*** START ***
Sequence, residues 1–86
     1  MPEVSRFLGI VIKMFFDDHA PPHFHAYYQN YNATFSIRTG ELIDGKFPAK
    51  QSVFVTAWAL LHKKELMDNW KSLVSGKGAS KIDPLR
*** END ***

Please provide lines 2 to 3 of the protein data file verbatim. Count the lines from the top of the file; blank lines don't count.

     1  MPEVSRFLGI VIKMFFDDHA PPHFHAYYQN YNATFSIRTG ELIDGKFPAK
    51  QSVFVTAWAL LHKKELMDNW KSLVSGKGAS KIDPLR